Re: For the positive integers a, b, and k, a^k||b means that a^k [#permalink]

Show Tags

14 Dec 2012, 23:44

2

This post received KUDOS

Initially looking to the problem one may try to plugin the numbers one by one. Here, 2^2=4 is a divisor of 72 and 2^3=8 is also a divisor of 72. But, we have to choose only one answer. 72=2x2x2x3x3=2^3 *3^2 and it is given that 72/2^k = integer. Here, we can equate 2^3=2^k and hence k=3. But, in fact 2^2 is also a divisor of 72 hence 2 could also be the answer. But, since it is additionally given that k+1 is not a divisor i.e. 2 in this case does not satisfy the condition because 2+1=3 and 2^3 is a divisior of 72. where as 3 satisfies the condition i.e. 3+1= 4 turning into 2^4 which is not a divisor of 72. This is how only one answer choice is left which is equal to 3 = answer choice B.

Re: For the positive integers a, b, and k, a^k||b means that a^k [#permalink]

Show Tags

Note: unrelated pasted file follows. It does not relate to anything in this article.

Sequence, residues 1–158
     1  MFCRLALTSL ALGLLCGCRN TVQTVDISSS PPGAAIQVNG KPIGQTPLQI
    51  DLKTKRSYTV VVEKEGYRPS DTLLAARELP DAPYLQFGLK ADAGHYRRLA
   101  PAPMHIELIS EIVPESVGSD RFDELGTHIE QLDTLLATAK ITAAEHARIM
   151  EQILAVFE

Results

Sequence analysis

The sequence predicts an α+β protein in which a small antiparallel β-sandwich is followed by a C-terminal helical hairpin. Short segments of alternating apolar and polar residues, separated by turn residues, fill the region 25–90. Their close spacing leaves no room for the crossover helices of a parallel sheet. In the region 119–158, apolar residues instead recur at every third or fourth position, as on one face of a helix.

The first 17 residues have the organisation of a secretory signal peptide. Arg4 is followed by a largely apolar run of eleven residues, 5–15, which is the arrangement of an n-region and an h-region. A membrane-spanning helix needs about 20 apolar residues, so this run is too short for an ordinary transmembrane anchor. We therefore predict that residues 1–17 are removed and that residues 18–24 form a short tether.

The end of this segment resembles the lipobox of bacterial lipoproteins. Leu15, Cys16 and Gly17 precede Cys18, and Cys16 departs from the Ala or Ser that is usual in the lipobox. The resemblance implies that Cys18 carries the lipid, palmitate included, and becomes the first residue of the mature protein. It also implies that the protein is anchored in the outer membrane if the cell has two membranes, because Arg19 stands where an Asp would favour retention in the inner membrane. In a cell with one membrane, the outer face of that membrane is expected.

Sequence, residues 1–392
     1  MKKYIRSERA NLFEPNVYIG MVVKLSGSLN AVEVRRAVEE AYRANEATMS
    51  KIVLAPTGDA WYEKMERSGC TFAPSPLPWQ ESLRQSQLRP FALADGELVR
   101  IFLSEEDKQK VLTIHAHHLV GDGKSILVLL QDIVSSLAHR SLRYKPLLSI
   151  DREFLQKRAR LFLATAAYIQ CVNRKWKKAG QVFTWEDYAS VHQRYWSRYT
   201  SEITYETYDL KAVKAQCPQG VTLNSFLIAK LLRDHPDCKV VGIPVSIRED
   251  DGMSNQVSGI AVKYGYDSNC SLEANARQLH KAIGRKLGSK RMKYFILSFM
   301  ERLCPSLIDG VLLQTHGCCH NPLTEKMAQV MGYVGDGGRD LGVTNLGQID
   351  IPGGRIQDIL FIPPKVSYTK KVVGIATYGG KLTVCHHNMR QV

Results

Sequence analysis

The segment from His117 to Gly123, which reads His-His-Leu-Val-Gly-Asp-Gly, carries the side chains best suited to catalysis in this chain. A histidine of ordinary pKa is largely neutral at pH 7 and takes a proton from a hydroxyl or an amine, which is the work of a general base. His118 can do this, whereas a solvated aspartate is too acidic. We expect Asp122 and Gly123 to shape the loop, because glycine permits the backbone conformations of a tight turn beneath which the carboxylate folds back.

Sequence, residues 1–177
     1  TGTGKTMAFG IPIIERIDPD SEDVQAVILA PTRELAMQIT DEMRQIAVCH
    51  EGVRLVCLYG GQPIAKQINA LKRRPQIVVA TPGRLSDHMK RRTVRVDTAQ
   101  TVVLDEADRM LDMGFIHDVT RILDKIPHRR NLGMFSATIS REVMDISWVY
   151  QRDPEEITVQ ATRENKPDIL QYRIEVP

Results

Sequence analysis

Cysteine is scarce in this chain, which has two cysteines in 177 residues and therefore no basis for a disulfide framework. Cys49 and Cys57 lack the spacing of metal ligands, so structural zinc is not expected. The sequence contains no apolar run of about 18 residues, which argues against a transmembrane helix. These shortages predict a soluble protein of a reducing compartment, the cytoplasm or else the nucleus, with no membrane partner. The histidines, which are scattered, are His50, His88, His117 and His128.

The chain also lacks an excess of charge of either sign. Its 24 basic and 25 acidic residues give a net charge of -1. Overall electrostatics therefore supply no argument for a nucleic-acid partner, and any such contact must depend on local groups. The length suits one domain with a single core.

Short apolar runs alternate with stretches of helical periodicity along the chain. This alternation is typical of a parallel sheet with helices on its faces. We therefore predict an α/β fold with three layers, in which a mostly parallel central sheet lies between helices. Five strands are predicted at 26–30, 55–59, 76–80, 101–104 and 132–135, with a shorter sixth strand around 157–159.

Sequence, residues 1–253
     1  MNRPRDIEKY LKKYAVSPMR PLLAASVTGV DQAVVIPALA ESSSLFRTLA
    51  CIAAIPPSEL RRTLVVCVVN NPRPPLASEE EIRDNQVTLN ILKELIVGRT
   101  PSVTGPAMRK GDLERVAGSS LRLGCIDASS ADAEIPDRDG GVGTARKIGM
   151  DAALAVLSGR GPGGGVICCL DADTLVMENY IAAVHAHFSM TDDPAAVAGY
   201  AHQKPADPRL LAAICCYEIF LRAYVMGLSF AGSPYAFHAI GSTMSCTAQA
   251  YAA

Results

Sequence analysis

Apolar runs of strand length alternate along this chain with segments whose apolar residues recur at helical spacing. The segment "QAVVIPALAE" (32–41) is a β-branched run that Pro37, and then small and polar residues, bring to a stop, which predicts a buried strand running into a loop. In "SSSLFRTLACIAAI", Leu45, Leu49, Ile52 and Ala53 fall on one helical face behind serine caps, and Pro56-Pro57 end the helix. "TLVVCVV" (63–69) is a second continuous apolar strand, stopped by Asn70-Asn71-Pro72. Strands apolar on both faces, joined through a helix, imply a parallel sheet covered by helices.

11 Sep 2014, 02:40

Hello from the GMAT Club BumpBot!

Thanks to another GMAT Club member, I have just discovered this valuable topic, yet it had no discussion for over a year. I am now bumping it up - doing my job. I think you may find it valuable (esp those replies with Kudos).

Want to see all other topics I dig out? Follow me (click follow button on profile). You will receive a summary of all topics I bump in your profile area as well as via email. _________________

Re: For the positive integers a, b, and k, a^k||b means that a^k [#permalink]

Show Tags

11 Sep 2014, 11:29

1

This post received KUDOS

Walkabout wrote:

For the positive integers a, b, and k, a^k||b means that a^k is a divisor of b, but a^(k + 1) is not a divisor of b. If k is a positive integer and 2^k||72, then k is equal to

(A) 2 (B) 3 (C) 4 (D) 8 (E) 18

72 = 2*2*2*3*3

72/ 2^k = int ; 72/2^k+1 not integer

if k= 2 then divisible ,k=3 then also .. if K=3 then divisible , k=4 then not..

Re: For the positive integers a, b, and k, a^k||b means that a^k [#permalink]

Show Tags

28 Aug 2015, 21:28

Bunuel wrote:

Walkabout wrote:

For the positive integers a, b, and k, a^k||b means that a^k is a divisor of b, but a^(k + 1) is not a divisor of b. If k is a positive integer and 2^k||72, then k is equal to

(A) 2 (B) 3 (C) 4 (D) 8 (E) 18

\(72=2^3*3^2\), so we have that 2^3 is a divisor of 72 and 2^4 is not. Thus 2^3||72, hence k=3.

Answer: B.

Why is the answer not A? if k= 2 it is still a divisor of 72 _________________